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the genre's premiere review magazine for short SF & Fantasy since 1993

Inner Sanctum -- "Blood of Cain"

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Inner Sanctum (1941-52) aired "Blood of Cain" on January 29, 1946 as the 256th of its approximately 527 episodes. Unfortunately, most of the shows are lost, with best guesstimates ranging from 140 to "less than 200" still in circulation. However, among these still existing shows, some are only partial episodes, with the majority being AFRS (Armed Forces Radio Service) repeats. While the AFRS is to be commended for having preserved these episodes, it should be noted that it deleted the local, syndicated commercials in order not to play favorites with advertised products. It also removed the original openings and closings, running episodes under the Mystery Playhouse title with Peter Lorre as one of the shows hosts (along with a nameless "Sergeant X" in certain episodes). This is not one of the AFRS episodes thankfully, and is a full, original episode. It features Paul McGrath (1904-1978, photo at right) as the host (he would replace the  original host, Raymond Johnson, after he left the show in May of 1945 to join the armed forces). Lipton Tea would not become a sponsor until the 1945 season, bringing with it the perky co-host and Lipton Tea spokesperson Mary Bennett who became famous for working in Lipton Tea commercials alongside the host's terrible puns.

This is the 28th Inner Sanctum episode we've run since we began featuring Old Time Radio shows back in 2009. The 27th ran in November of last year (2018),  the 26th came earlier that year in July, with the 25th showcased an entire year earlier in July of 2017, so we felt it high time for another. "Blood of Cain" takes us to present day New Orleans where the strange events surrounding the poisoning of pigeons soon takes us back in time to 13th and 14th century France and official executioners. It is a tale of dark family secrets, a chilling legacy handed down through generations, and a bloodline fraught with murder most foul! How would you feel if you learned that the overwhelming compulsion, the obsession to kill was actually handed down to you through your ancestors' blood? Would you seek help? Inform the authorities? Deny something so obviously impossible? What would you do if the death and dying continued? Listen now to the "Blood of Cain" to see how one emotionally distraught woman dealt with such an intolerable situation after learning the history of her long-dead ancestors.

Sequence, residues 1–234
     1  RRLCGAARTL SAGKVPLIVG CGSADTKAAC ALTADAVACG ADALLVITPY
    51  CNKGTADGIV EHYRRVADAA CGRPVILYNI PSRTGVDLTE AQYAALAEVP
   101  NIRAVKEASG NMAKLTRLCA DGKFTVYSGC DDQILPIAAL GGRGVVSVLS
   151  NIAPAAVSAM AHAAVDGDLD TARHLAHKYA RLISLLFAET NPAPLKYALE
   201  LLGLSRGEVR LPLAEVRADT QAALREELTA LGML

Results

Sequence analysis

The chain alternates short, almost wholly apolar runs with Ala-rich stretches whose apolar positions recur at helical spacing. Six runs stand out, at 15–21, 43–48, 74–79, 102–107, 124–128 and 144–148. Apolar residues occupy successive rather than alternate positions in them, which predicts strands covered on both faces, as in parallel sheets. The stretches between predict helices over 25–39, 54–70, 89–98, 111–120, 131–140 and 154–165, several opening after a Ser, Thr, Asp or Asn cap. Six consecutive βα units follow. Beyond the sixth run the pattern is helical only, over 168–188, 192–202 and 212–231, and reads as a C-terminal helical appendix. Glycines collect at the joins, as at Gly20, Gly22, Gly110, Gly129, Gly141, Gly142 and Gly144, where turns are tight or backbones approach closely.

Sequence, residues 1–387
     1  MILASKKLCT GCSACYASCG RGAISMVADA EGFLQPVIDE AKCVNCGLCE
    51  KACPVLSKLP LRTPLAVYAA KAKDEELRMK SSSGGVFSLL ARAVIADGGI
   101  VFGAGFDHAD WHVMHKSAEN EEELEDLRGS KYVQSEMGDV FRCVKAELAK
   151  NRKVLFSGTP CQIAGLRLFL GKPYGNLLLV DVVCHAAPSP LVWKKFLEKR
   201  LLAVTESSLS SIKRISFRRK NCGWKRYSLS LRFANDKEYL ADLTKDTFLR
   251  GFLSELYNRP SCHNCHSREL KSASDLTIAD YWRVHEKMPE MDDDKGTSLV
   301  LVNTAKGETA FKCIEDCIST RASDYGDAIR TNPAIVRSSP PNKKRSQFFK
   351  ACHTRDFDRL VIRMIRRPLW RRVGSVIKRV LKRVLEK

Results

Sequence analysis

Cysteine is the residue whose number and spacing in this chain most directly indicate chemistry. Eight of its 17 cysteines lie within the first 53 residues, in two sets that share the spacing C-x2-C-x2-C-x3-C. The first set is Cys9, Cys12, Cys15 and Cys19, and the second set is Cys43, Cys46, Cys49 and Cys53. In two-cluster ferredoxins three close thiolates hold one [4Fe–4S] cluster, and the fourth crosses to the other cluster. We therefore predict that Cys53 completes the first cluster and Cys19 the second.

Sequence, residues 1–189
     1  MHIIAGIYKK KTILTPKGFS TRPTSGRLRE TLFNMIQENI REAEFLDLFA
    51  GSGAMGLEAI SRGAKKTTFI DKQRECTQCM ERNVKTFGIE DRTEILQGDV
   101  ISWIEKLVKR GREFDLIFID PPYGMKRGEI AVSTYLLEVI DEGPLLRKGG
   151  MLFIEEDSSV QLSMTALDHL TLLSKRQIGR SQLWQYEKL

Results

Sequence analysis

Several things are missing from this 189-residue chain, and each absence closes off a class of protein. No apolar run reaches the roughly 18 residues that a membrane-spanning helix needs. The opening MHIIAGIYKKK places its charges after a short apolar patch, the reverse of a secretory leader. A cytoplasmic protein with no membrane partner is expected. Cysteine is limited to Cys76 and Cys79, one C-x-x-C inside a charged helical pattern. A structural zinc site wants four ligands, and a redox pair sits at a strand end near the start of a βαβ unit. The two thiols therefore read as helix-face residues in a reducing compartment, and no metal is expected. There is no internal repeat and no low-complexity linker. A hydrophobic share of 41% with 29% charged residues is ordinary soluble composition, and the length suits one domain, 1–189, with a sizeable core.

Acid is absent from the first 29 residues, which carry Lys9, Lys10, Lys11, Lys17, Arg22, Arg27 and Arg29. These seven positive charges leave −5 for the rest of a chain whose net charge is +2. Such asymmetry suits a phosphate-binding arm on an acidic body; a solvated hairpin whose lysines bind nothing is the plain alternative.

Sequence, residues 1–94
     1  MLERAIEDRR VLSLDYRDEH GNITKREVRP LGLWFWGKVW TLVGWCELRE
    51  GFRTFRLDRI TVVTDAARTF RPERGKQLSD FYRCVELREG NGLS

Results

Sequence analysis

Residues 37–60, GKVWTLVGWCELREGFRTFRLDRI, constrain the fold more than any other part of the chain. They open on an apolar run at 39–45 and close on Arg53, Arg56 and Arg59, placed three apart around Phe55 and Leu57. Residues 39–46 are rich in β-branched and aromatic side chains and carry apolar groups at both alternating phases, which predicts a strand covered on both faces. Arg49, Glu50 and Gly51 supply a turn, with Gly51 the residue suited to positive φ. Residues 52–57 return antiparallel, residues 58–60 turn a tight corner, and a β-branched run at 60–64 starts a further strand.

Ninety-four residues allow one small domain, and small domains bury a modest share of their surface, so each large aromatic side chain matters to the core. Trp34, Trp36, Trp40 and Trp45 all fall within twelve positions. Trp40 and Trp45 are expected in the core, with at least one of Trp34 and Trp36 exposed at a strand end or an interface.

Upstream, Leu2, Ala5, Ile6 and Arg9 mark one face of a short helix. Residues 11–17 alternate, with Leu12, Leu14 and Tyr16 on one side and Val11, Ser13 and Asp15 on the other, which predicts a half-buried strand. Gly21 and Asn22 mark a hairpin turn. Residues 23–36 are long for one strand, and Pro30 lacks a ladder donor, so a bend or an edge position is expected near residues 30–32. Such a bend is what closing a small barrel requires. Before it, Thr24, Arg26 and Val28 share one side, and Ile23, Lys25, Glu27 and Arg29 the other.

Play Time: 29:44

       {Bitter cold and snow in January of 1946 proved no impediment to the neighborhood gang bundling up and convincing their mothers the walk to the close by newsstand really wasn't that far, even in the current weather. Doc Savage (1933-49) was still cranking out wild adventures for Doc and his gang and this issue's cover proved to be a great tease and a sure buy. The magazine was a monthly in 1946. The Shadow (1931-49) still held great appeal for young fans and cover stories like the one below proved it still held much mojo for lovers of the dark and dangerous. It too was a monthly in 1946. Startling Stories (1939-55) never failed to make young eyes grow wider and hearts beat faster with each dynamic cover promising colorful tales beyond imagining, and who could ignore a new Captain Future novella by the incomparable Edmond Hamilton? Though the cover proclaimed "Outlaw World" as a complete novel (common practice in such cases at the time), in reality it was a long novella. When Ace repackaged it as a slim paperback in the mid-1960s it would run only to 120+ pages; again not an uncommon practice for paperback publishers who brought some of these long pulp novellas to a new audience as slim "novels." They provided a valuable service and are to be commended. Startling Stories was a bi-monthly from its beginnings until the latter war years (1943-46) when its schedule became irregular. After running 5 issues in 1946 (of which the issue below was the first) it would return to its bi-monthly schedule until 1952, when it tried a monthly schedule. That lasted a year and a half until June of 1953, at which point its next 2 issues were again bi-monthly. But these last pair of issues in 1953 and the draw down to a quarterly in 1954 saw the venerable, much beloved magazine gasping for air with only 8 quarterly issues left before expiring with the Fall 1955 issue.}

[Left: Doc Savage, January 1946 - Center: The Shadow, January 1946 - Right: Startling Stories, Winter 1946]


To view the entire list of weekly Old Time Radio episodes at Tangent Online, click here.